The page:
Our role is about providing tailored education, advice and suggestions to optimise nutritional intake for health. This involves consideration of someone’s nutritional requirements, the function of their body and digestive system and other health conditions that might impact their nutritional needs. There is certainly no ‘one size fits all’ and it is this well-educated, evidence-based and tailored approach in close collaboration with the patient and treating team that has the potential to significantly improve health outcomes.
Nutrition is also a highly evolving and growing area and it is therefore so important for health professionals to have the skills and expertise to source and critique emerging research, science and theories to ensure the best advice is provided to patients. This is a vital part of a dietitian’s education and training that ensures we have a sound and unbiased understanding about food for health.

HOW DO CANCER PATIENTS GET REFERRED TO A DIETITIAN?
A dietitian referral can be arranged in many ways, including:
– Through the treating hospital – speak to your doctor or nurse if you wish to arrange to
see a dietitian
– Through your local community health service
– Self-referral to a private dietitian. You can find a dietitian in your local area by
visiting http://daa.asn.au/for-the-public/find-an-apd/
– Through your GP. Be sure to ask about your eligibility for a Chronic Disease Management
Plan for subsidised dietitian consults.
In some cases there are automatic referral criteria for patients to see a dietitian. This might be if you are having treatment to the head and neck region, or a stem cell transplant for instance.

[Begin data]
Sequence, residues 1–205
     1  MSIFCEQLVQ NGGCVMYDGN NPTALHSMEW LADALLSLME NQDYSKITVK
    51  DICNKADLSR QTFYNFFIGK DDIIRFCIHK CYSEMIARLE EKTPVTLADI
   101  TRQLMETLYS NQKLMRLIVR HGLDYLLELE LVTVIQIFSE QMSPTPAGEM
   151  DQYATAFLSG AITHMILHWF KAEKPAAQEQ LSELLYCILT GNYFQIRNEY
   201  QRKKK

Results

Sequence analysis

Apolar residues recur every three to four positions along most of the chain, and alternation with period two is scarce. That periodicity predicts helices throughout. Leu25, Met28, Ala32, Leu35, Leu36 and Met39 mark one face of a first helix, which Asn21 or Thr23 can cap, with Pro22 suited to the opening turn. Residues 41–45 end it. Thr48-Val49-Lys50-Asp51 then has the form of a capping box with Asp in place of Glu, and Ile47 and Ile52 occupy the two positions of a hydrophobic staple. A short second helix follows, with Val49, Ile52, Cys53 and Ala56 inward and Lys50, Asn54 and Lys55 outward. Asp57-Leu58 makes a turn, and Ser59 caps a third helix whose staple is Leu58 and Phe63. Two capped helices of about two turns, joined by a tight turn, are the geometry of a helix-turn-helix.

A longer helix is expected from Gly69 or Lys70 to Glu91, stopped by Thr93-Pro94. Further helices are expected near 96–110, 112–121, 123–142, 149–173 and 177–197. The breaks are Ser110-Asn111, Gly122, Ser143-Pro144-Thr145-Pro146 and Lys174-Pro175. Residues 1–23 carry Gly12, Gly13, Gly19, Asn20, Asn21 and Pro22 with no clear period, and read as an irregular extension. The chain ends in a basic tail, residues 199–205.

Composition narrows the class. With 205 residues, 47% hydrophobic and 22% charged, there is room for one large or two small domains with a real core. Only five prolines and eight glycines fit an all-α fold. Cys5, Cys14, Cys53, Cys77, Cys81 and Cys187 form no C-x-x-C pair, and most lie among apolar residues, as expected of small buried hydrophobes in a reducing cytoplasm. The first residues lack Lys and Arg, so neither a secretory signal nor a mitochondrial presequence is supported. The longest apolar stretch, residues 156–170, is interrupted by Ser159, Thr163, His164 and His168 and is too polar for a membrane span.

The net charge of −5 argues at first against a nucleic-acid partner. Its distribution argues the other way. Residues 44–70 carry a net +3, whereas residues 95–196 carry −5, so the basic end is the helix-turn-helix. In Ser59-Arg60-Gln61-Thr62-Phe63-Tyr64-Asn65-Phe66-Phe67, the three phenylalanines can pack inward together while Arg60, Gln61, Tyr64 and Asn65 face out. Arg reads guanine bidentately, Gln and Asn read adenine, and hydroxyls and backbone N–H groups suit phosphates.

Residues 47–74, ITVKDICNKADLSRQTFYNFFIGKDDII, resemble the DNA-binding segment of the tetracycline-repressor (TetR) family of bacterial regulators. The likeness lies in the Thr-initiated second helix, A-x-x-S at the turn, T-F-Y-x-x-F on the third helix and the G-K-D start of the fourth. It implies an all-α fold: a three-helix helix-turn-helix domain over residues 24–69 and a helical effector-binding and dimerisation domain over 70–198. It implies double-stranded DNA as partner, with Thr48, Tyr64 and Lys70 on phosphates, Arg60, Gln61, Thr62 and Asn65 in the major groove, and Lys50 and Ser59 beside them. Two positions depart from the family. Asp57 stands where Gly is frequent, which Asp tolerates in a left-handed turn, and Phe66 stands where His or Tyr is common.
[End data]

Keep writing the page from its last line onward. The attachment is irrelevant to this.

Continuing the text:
In some settings, malnutrition screening tools can be used to explore your risk of malnutrition. The results of this screen may warrant referral to a dietitian. To perform this screen on yourself, visit:  https://www.health.qld.gov.au/nutrition/resources/hphe_mst_pstr.pdf

WHAT IS THE BIGGEST LESSON YOU HAVE LEARNT IN YOUR CAREER?
You will never meet two individuals the same. This is what makes the world so special and it should always be respected.

IF YOU COULD GIVE ONE PIECE OF ADVICE TO CANCER PATIENTS, WHAT WOULD IT BE?
Put yourself first. Insist that you understand your options, your management plan and the services available to you.

ARE THERE ANY ORGANISATIONS OR USEFUL WEB LINKS THAT YOU RECOMMEND FOR PATIENTS?
Cancer Council
 http://www.cancer.org.au/
http://www.cancervic.org.au/
http://www.cancervic.org.au/living-with-cancer/diet-nutrition
http://www.cancervic.org.au/living-with-cancer/diet-nutrition/malnutrition-cancer
iHeard
http://iheard.com.au/
eviQ
https://www.eviq.org.au
Dietitians Association of Australia
http://daa.asn.au
For health professionals:
https://education.eviq.org.au/courses/malnutrition-in-cancer

ANY OTHER ADDITIONAL INFORMATION YOU WOULD LIKE TO ADD?
Some may like to activate their nuts (and tell the whole world about it) but ‘super foods’ are just normal foods with a fancy label. It is possible to have too much of a good thing, particularly when undergoing cancer treatment. Fun fact: marketing of products as ‘super foods’ has been prohibited in the European Union since 2007 unless accompanied by sufficient credible scientific evidence. Do yourself a favour and if you’re concerned about your diet or nutritional status, seek advice from someone with a lot more tertiary training and understanding of your medical condition, and a lot less financial motive than Dr Google or the health food shop ….. an Accredited Practising Dietitian.